‘American Star’ is a great example of how a beautifully shot movie, with grounded acting and superb cinematography, can also suffer from minimalist substance and pacing issues. Following aged hitman Wilson (Ian McShane), as he awaits his next victim to return home in sunny Fuerteventura in the Canary Islands, the 1-hour 47minute film is less ‘hitman’ and more ‘When’s the movie going to start, man’.
There are only a select few movies that both test an audience’s patience and attention span, whilst also showcasing some of the most astonishing shots of terrain there are to be seen on screen. ‘American Star’ manages to proportionately draw you in with dramatic, slow panning shots of Spain’s dusty mountain landscape one minute whilst pushing you away with its likely intentional, but equally frustrating, expansive moments of silence.
Director Gonzalo López-Gallego takes the term ‘Pinter Pause’ to the extreme, with the character Wilson not even speaking a word throughout the initial 10 minutes of the movie, as well as there being frequent moments of awkward silence between pivotal characters. These silences are certainly there to give audiences adequate time to reflect on the meaningfulness of what few conversations do take place but don’t help with the difficult pacing.
That’s not to say that every film has to cram dialogue into every minute of its runtime for it to be engaging. ‘American Star’ discernibly falls into an art house category of nuanced movies that you would normally find at a film festival rather than one you would watch with your friends on a Friday night. Due to its more engaging aspects being the vibrant location and filming style.
The minimalist cast is led by veteran actor Ian McShane, known for performances in John Wick and American Gods, and the 81-year-old gives an unsurprisingly grounded performance of a most unlikely hitman on holiday. The handful of supporting actors give equally fair performances, with Gloria (Nora Arnezeder) being the residential bartender and Wilsons’ private tour guide of the island. Others include Max (Oscar Coleman), the young influential child whom Wilson takes a fondness for, and Ryan (Adam Nagaitis) the reminder of what outstanding work Wilson has to do in the first place.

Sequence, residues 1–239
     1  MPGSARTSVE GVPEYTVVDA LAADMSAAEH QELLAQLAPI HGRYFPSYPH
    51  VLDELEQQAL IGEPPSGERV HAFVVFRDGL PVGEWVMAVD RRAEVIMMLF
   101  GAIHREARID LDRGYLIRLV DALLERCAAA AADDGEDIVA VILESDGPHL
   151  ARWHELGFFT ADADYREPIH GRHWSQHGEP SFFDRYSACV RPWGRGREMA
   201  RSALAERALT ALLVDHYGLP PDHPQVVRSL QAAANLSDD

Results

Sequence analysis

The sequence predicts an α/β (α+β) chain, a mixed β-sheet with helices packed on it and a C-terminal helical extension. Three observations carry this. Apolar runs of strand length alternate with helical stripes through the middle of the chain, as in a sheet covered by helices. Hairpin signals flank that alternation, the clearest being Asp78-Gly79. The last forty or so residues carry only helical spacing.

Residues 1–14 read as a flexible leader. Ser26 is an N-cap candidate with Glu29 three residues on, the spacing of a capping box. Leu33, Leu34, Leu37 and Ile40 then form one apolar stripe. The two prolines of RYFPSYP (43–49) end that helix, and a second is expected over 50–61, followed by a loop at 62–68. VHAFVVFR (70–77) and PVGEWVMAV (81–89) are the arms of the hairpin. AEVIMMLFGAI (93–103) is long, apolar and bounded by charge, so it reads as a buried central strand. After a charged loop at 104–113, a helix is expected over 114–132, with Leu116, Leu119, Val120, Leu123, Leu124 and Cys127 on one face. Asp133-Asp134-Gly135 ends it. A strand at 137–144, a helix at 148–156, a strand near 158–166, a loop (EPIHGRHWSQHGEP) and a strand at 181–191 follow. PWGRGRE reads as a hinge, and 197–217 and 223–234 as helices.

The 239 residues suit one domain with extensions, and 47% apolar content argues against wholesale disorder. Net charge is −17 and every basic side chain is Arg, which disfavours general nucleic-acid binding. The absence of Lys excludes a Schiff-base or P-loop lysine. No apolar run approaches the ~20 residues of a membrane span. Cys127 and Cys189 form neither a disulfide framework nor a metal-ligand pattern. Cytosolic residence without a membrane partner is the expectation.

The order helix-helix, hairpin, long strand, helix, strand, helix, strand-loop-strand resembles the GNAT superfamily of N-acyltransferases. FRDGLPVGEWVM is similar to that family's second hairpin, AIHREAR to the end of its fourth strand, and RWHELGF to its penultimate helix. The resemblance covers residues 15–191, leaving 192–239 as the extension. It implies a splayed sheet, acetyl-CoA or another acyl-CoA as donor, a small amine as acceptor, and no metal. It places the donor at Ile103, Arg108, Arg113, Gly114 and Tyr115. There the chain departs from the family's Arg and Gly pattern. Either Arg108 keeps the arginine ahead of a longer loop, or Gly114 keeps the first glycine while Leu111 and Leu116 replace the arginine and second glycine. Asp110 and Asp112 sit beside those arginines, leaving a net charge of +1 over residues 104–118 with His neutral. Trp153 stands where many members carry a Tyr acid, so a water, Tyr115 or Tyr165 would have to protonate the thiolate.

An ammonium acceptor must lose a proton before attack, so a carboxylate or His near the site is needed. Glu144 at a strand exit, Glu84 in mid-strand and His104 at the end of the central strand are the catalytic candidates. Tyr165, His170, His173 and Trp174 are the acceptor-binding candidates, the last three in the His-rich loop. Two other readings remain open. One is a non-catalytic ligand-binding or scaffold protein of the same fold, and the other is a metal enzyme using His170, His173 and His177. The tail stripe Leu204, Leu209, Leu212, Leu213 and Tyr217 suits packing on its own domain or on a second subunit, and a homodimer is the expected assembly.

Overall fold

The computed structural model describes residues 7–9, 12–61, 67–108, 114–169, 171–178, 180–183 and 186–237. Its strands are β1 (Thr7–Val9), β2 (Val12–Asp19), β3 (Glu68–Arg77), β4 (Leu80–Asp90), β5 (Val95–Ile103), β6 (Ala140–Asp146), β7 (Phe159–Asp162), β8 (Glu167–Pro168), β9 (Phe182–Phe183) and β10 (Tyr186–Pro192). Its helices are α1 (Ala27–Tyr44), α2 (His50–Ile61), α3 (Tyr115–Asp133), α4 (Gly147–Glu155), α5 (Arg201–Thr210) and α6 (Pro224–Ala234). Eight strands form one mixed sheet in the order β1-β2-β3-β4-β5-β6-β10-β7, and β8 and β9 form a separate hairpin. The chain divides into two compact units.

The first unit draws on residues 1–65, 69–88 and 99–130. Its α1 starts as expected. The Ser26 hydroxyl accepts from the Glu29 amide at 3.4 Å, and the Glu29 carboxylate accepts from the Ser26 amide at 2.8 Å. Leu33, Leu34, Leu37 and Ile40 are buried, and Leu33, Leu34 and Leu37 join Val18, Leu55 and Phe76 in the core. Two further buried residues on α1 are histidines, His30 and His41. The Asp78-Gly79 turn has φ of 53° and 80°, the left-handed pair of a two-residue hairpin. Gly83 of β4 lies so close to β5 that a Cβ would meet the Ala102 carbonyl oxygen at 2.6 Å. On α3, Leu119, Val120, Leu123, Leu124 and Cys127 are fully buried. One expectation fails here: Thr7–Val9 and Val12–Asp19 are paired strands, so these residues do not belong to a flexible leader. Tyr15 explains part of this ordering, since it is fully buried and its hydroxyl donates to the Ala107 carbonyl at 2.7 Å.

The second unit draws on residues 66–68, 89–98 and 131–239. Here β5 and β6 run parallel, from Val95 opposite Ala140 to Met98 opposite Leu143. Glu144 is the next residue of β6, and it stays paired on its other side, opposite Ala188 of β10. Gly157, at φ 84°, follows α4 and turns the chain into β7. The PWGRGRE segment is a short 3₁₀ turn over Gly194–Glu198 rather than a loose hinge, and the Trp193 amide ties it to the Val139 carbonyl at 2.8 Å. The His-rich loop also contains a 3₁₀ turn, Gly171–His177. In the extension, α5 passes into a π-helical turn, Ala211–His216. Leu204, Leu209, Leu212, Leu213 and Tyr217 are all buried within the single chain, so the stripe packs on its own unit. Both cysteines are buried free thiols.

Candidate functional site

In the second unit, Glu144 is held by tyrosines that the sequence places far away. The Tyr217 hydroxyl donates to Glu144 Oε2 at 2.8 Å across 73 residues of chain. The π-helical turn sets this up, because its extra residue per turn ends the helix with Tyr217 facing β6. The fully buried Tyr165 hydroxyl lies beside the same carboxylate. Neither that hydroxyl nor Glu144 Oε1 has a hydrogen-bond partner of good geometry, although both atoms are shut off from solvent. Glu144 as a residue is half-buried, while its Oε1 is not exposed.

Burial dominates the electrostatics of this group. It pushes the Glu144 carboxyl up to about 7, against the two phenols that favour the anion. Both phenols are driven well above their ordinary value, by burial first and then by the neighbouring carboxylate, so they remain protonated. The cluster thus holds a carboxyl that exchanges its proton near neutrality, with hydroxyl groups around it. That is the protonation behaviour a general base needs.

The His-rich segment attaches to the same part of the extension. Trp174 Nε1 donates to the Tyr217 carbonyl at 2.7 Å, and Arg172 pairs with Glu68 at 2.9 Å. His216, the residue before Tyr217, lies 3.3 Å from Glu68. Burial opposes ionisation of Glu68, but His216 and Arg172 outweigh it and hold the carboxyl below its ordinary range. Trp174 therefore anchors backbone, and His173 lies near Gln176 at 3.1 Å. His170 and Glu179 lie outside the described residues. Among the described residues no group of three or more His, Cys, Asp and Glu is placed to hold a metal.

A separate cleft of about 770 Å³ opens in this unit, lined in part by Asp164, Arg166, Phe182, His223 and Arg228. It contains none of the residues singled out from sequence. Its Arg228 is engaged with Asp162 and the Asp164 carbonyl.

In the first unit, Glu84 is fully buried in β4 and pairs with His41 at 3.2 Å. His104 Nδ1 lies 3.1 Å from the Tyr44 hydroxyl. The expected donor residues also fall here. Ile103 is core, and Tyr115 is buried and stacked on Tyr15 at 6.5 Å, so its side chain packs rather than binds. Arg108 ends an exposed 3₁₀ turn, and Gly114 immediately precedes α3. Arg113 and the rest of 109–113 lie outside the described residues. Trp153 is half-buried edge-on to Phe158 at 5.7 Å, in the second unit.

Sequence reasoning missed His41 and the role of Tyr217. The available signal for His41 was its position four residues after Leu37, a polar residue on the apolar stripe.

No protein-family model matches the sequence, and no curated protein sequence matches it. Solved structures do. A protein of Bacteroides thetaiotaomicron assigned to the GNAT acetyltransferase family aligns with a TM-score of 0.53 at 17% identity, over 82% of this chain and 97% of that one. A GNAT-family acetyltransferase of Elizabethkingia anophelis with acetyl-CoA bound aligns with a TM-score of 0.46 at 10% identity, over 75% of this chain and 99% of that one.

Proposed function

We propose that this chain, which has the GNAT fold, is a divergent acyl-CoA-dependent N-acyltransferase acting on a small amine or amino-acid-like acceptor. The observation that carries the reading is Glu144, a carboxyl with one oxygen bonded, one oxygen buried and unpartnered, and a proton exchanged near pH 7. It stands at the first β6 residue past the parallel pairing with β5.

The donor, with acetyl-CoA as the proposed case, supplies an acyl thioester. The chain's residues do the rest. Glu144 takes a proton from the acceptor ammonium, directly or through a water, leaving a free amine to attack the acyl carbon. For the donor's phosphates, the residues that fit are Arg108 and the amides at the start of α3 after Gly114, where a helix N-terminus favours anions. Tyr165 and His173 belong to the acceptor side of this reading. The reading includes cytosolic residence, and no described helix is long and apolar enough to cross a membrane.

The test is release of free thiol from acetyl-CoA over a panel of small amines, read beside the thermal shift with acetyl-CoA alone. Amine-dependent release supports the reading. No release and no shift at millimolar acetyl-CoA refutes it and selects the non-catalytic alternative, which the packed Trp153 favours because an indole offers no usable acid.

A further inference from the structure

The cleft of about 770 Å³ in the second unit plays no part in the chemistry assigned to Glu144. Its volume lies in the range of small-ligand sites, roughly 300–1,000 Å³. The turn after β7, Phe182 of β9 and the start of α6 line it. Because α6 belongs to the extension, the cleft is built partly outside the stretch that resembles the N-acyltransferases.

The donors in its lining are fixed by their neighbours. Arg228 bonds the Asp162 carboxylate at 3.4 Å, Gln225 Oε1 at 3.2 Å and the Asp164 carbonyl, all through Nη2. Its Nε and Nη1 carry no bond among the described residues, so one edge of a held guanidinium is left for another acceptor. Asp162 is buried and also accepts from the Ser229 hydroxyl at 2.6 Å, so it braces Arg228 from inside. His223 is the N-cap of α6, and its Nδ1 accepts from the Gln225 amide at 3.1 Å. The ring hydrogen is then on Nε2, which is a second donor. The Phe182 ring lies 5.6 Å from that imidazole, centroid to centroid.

Riddled with foreshadowing and symbolism, the movie doesn’t allow the audience time to figure things out for themselves but rather shows them the literal intent of unfolding events. Whether it be the band covering Europe’s hit song The Final Countdown at a communal bar being the reflection of how this would be the final assassination for Wilson, or the imagery of an old, washed-up sea vessel crumbling into the ocean mirroring the washed-up persona of old Wilson himself. The film often felt more like a toured book of planned occurrences than a movie with surprise and allure.
It is hard not to compare one movie to another, and unfortunately for ‘American Star’, I often found myself comparing themes with the cult film ‘In Bruges’. Although not remotely of the same genre, the themes around assassins on their days off and the grand imagery of Europe’s stunning locations, often left me wondering if the film was at all inspired by the other and sadly, it just didn’t compare.
Watched at the right time, in the right setting with the right people, ‘American Star’ could certainly be appreciated by most, however, with audiences watching movies from the comfort of their couches rather than via the big screen experience, the scenes of striking cinematography will be lost on many and the added sluggish pacing will likely kill much attention spans quicker than a hitman on holiday.
American Star is coming to UK Cinemas & Digital Platforms on 23 February 2024.